Yet Latvia’s economy grew by 5.5 percent in 2011, and in 2012 it probably expanded by 5.3 percent, the highest growth in Europe, with a budget deficit of only 1.5 percent of GDP. Meanwhile, Greece will suffer from at least seven meager years, having endured five years of recession already. So far, its GDP has fallen by 18 percent. In 2008 and 2009, the financial crisis actually looked far worse in Latvia than Greece, but then they chose opposite policies. The lessons are clear.”

    • Latvia has an unemployment rate of 13.8% and rising (up .3% from last quarter). Their economy may, as in, its unsure, reach its 2007 size this year. The US recovered its GDP over a year ago. It’s pretty easy to manage a 5% growth rate when you’ve lost twice that the year before.

        • …The EU average GDP drop was less than half that of Latvia, and their unemployment rate remains several points higher than the EU average.

          • Ok, then maybe we’re being premature.

            Let’s say Latvia continues with its belt tightening followed by increases in GDP and employment.

            After 3 to 4 years of positive growth would you’d be willing to say austerity works?

            • Silence is deafening. Especially for entrenched bridge jumpers.

              On a related note. “Real gross domestic product –the output of goods and services produced by labor and property located in the United States –increased at an annual rate of 0.1 percent in the fourth quarter of 2012 (that is, from the third quarter to the fourth quarter), according to the “second” estimate released by the Bureau of Economic Analysis.”

            • Um, no. Via Yglesias at MoneyBox:

              “Latvia, reports Andrew Higgins, is the land where austerity works: ‘Latvia, feted by fans of austerity as the country-that-can… Latvia’s economy, after shriveling by more than 20 percent from its peak, grew by about 5 percent last year, making it the best performer in the 27-nation European Union. Its budget deficit is down sharply and exports are soaring.’

              It’s worth recalling the math on this. You start with $100 and then you drop 20 percent from peak to $80 and then obtain 5 percent growth and you’re left with $84. That’s not much of a bounceback. If Latvia can continue five percent annual growth for five more years, then by 2018 they should have re-obtained their 2007 peak output level. Which is to say they’ll basically have had a lost decade, except instead of 10 years of stagnation it’ll have been four years of terrifying collapse followed by six years as not-fast-enough bounceback.”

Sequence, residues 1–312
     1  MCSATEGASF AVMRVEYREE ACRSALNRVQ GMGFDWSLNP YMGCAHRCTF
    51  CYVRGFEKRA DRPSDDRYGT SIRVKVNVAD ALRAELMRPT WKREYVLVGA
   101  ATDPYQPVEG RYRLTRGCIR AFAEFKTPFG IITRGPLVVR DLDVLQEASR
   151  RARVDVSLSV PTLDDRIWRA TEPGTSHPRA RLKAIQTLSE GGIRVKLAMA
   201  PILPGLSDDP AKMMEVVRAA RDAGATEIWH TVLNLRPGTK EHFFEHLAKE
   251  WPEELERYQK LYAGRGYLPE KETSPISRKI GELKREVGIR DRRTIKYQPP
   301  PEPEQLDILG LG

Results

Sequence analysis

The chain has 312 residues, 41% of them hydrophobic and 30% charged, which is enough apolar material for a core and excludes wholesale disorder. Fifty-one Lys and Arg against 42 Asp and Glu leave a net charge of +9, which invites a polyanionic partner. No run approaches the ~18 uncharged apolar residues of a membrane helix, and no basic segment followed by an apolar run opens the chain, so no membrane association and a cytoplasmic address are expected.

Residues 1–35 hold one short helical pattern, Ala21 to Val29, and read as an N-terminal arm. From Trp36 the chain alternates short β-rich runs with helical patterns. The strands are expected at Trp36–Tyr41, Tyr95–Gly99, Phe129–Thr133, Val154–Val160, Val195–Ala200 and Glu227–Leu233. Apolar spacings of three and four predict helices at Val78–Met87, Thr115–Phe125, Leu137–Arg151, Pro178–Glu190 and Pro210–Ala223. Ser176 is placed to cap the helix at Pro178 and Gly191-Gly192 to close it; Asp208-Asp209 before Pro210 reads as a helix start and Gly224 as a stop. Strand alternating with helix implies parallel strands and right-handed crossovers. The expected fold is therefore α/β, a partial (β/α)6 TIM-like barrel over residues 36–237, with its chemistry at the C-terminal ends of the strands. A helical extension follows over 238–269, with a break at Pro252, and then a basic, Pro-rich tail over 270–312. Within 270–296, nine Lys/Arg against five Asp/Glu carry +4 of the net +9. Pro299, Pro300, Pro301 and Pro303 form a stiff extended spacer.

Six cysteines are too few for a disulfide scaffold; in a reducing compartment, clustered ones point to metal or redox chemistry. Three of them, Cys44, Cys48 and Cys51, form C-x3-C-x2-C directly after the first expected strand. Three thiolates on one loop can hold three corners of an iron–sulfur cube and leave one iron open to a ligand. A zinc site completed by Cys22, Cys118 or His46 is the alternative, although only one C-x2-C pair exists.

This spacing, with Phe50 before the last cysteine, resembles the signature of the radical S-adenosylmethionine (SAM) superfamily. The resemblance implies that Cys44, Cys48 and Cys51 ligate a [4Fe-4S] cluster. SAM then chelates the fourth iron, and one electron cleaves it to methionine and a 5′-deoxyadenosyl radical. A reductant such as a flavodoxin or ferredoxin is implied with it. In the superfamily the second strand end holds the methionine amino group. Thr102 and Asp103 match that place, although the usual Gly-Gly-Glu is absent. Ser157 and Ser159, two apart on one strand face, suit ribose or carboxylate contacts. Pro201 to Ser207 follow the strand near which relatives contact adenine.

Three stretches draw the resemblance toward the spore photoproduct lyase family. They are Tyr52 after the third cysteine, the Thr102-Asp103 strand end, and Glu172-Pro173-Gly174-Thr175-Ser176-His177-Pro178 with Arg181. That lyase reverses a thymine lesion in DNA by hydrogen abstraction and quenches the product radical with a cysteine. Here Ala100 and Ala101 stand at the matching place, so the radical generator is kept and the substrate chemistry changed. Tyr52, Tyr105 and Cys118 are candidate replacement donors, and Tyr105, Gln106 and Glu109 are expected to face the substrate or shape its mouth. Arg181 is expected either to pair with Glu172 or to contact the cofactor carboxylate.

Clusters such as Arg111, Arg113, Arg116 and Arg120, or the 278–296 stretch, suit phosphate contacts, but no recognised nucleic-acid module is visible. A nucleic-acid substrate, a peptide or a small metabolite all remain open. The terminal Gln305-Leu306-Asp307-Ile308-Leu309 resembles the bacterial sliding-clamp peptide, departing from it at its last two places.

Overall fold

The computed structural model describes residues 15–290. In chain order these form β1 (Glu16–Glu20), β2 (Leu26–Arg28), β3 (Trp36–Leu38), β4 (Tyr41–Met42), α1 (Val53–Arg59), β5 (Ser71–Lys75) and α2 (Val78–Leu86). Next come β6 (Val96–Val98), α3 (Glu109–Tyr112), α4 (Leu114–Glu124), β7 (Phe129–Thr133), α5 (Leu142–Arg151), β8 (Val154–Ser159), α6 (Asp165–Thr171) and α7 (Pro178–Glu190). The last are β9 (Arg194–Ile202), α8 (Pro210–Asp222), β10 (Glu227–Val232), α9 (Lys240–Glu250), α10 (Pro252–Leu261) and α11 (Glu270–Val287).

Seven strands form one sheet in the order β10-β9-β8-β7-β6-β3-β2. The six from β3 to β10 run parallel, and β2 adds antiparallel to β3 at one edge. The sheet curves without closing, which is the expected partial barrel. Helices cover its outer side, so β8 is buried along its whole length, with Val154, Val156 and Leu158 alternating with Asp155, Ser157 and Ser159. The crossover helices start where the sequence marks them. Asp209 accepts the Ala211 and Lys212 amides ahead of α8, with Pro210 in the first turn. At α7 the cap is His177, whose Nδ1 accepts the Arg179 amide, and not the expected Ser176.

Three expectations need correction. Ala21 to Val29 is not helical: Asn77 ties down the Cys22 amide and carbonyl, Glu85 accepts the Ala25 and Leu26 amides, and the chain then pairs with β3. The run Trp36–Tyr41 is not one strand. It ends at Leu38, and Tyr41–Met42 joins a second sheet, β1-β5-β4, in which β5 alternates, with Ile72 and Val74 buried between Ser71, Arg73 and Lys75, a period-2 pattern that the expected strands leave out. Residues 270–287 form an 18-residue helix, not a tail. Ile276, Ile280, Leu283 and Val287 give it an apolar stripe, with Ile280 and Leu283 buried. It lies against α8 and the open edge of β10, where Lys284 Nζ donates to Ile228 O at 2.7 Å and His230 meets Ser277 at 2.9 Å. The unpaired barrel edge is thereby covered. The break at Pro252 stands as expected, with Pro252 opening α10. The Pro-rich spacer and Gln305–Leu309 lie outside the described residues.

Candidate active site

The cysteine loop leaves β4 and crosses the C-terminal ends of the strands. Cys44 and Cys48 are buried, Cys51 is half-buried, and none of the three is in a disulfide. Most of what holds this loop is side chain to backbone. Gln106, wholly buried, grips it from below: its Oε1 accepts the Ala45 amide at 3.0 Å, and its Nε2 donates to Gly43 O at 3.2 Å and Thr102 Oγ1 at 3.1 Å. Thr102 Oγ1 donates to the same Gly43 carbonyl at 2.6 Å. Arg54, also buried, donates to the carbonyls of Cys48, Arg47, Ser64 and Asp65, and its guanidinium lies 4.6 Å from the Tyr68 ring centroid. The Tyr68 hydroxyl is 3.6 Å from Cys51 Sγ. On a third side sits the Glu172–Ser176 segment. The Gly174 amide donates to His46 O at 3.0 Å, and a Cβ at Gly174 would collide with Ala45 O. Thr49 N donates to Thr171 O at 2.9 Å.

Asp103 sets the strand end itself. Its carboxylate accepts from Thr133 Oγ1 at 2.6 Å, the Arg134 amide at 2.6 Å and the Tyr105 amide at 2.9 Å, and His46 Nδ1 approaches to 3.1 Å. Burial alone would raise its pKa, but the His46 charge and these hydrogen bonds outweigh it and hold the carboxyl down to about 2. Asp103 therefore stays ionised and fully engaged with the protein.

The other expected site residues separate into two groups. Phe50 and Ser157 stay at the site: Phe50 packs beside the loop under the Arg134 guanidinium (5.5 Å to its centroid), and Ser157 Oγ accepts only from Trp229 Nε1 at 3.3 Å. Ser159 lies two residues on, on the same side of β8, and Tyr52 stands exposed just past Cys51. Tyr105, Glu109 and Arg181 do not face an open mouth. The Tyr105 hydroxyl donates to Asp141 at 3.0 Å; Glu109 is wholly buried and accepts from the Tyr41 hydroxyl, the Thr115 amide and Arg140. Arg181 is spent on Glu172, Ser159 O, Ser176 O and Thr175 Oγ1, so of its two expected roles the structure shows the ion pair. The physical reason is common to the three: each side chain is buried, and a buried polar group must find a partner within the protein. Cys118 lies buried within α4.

So whoopee. A lost decade. Latvia is back where it was at the beginning of the Wall Street initiated world-wide economic debacle. Of course, that’s assuming 5% growth over the next 4-5 years, and absence of another major euro recession.

              • Only you and Comrade Slaters would take positive growth as a negative, no matter what the recovery time may be.

                Of course when Latvia’s starts exceeding 5% annual you’ll come up with some other excuse. Maybe their commitment to some green energy scam.

                Like the Wall Street dig tho. Never miss an opportunity.

                Bonzi, off the bridge.

                • Trends?

                  Inflation down, unemployment up in the Eurozone. What’s the Beebe have to say about it?:

                  “The [inflation] fall comes as widespread austerity and weakening economies leave consumers with little free cash to spend, depressing retailers’ ability to increase prices.”

                  What’s the WSJ say in the article you point to?:

                  “Italy and the wider euro zone are in recession, according to the most recent official data covering the final three months of 2012.”

                  So, I guess if you like a recession with increasing unemployment, well then austerity and low inflation is your solution.

                  Touché, BS.

                • Ingy, you may not realize this, but Latvia is part of the European Union and their unemployment rate is going up too, from 13.5% last year up to 13.8% now.

                  Latvia’s Government debt to GDP ratio for 2012 was over 42%. That’s. about a 450% increase from 4 years before.

                  Compare that to our increase in government debt of about 20% over the same time period.

                  Are you suggesting the US should have quadrupled our government debt, like Latvia did?

                  Ingy, that’s not even close to conservative, that’s spend thrift. Stick with pugilism. An economist and a political scientist you are not. How’s Mitt doing these days? Is he big on Latvia too?